Classic cameo silhouettes
A classic cameo silhouette in a printed oval mount
HE SIMPLEST of silhouettes is the classic cameo, often called a bust-length silhouette. This kind of silhouette was popular all over England during the Georgian and Regency periods. The majority of silhouettists working today still predominantly make cameo silhouettes.
In the hands of an expert, such cameos can be cut in as little as 60 seconds. People love the simple beauty of such elegantly-cut silhouettes, set into an oval mount. They evoke instantly that lost age when silhouettes were at their most popular.
That said, there are many variations to the theme…
The silhouettist’s repertoire
For Charles, mastering the cameo silhouette is a good starting point for building a repertoire of work. Watching him at work you’ll soon realise that the cameos are beginning to develop into something else, much to the amusement of the audience.
For instance, half-length silhouettes holding a glass of wine are a popular variation:
“Look, he even got the glass in!”
Then, collars and ties can be cut away – a technique known as slash cutting – leaving empty white spaces. This changes the look of the silhouettes completely and gives them a quintessentially 1920’s feel.
A set of 1920’s style but-length silhouettes, including various double cuttings
.Charles finds that double silhouettes, arranged in a variety of poses, are a must for any event when the guests are there in couples. His signature cut is a face-to-face double, cut whilst the couple gaze into each other’s eyes. It’s a technically challenging cut, but once seen everybody wants one! For Charles, this kind of extensive repertoire is vital. Since it allows him to develop a theme as he works, and keep the guests constantly surprised, he never allows the cutting to become repetitive.
Step 1: a couple gaze into each other’s eyes as they pose for a silhouette.
How long can they hold this pose?
Step 2: that all important moment of reaction on seeing their cameos.
Do you think they like it?
Step 3 the finished silhouette mounted on a card.
Posing for a selfie or photo with Charles seems to be an important part of the process
The importance of repertoire
Charles likes to say he realised the importance of repertoire sometime after cutting his 50,000th silhouette.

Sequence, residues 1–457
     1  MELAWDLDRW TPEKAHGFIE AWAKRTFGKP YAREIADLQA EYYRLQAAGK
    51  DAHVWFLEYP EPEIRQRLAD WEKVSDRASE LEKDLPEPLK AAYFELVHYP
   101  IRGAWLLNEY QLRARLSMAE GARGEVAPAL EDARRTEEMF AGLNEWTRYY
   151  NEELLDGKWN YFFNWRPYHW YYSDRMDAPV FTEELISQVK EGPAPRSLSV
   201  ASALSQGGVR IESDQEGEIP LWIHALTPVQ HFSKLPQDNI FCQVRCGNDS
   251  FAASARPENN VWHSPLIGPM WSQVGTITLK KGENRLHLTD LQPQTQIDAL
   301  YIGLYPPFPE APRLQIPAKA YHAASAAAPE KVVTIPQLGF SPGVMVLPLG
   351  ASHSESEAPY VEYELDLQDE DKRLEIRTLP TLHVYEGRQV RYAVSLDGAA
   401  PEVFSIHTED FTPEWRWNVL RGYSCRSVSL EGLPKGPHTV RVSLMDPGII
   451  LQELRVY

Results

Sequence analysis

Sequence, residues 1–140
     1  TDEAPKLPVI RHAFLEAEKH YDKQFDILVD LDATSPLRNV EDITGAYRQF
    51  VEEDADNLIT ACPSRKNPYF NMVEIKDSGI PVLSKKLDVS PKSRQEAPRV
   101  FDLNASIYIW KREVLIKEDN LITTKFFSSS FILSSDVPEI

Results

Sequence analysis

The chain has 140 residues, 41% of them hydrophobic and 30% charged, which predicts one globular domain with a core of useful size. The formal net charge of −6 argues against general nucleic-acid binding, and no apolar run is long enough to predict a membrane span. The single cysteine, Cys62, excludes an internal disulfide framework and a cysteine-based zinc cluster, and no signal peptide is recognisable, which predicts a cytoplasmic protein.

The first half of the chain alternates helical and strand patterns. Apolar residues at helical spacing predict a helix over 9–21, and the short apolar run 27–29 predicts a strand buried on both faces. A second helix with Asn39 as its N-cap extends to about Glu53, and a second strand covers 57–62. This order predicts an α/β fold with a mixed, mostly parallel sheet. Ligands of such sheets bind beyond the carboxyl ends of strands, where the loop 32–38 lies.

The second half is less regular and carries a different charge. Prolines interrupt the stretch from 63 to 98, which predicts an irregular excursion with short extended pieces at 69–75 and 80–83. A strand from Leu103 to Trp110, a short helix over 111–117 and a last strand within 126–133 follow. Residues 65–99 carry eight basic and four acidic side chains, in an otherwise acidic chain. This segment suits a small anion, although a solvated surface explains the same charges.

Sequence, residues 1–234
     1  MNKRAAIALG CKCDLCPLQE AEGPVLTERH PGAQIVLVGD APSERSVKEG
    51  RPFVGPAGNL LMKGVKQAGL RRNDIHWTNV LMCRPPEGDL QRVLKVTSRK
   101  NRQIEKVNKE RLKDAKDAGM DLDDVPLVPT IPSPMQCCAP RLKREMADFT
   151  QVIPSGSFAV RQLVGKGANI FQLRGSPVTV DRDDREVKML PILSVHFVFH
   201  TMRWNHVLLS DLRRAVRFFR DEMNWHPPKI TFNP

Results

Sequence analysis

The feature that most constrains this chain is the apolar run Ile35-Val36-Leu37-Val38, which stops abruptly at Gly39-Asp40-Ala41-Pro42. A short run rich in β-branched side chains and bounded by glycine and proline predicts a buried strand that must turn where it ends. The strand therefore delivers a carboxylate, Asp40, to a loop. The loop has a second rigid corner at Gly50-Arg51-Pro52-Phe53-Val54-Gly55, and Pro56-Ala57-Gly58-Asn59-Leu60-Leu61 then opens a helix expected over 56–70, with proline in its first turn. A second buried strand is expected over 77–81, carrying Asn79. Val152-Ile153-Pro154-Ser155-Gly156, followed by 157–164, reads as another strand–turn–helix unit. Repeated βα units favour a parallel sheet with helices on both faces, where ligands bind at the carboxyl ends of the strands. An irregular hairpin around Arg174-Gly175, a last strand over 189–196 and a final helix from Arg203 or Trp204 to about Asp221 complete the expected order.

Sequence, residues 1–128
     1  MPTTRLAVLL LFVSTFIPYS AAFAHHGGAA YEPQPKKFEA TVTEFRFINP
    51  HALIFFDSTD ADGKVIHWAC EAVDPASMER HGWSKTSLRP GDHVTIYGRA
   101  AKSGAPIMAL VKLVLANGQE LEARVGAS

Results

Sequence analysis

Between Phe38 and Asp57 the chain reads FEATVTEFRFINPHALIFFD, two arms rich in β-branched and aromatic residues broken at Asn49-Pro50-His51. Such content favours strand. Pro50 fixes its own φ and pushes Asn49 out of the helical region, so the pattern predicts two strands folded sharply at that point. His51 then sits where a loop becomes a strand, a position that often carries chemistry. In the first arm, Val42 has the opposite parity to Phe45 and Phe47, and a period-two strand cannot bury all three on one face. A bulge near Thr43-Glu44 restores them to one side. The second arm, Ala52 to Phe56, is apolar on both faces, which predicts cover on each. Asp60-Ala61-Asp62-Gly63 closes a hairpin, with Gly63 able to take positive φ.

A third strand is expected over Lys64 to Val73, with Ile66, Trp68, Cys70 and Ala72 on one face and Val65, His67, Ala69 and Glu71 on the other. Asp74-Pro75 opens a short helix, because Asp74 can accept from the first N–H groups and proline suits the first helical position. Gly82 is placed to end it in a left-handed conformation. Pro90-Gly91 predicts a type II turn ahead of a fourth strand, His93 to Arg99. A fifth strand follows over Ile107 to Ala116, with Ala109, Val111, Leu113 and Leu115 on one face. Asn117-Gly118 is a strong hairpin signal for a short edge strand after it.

Since then, he’s made it his ambition to cut every kind of silhouette he can imagine. This has led him to constantly reinvent the art of silhouette cutting, not always with great results…
Full-length freehand silhouettes
From time to time Charles will ask for a volunteer pose for a full-length silhouette.
“Is anybody is brave enough?”
Take a deep breath before he starts cutting!
Now, this takes longer, perhaps 3 or 4 minutes, but the results are spectacular. Charles thinks he’s the only living silhouettist who cuts such full-length silhouettes, freehand on a regular basis.
Period costume balls
The most artistic full-length silhouettes are those cut at period costume balls. Piled up wigs, masks and flowing dresses and elegant coats offer a wonderful opportunity for Charles to express the full range of his work. You may find him cutting some genuinely eighteenth-century looking portraits.
If you are organising a period events you may be rightly concerned that your event be historically faithful and accurate. Silhouettists have been active in various guises throughout the eighteenth, nineteenth, and twentieth centuries, but their style and manner of working varied considerably. For this reason a silhouettist can form a historically-accurate addition to a wide range of Georgian, Regency, and Victorian events. You should also consider booking a silhouettist for a 1920s- or 1930s-themed event.
Charles is the best person to advise on the kinds of silhouettes produced at the time, and how to go about making them today.
Full-length silhouette of three ladies with piled-up wigs, cut by Charles at a recent costume ball
“Any questions? Ask me!”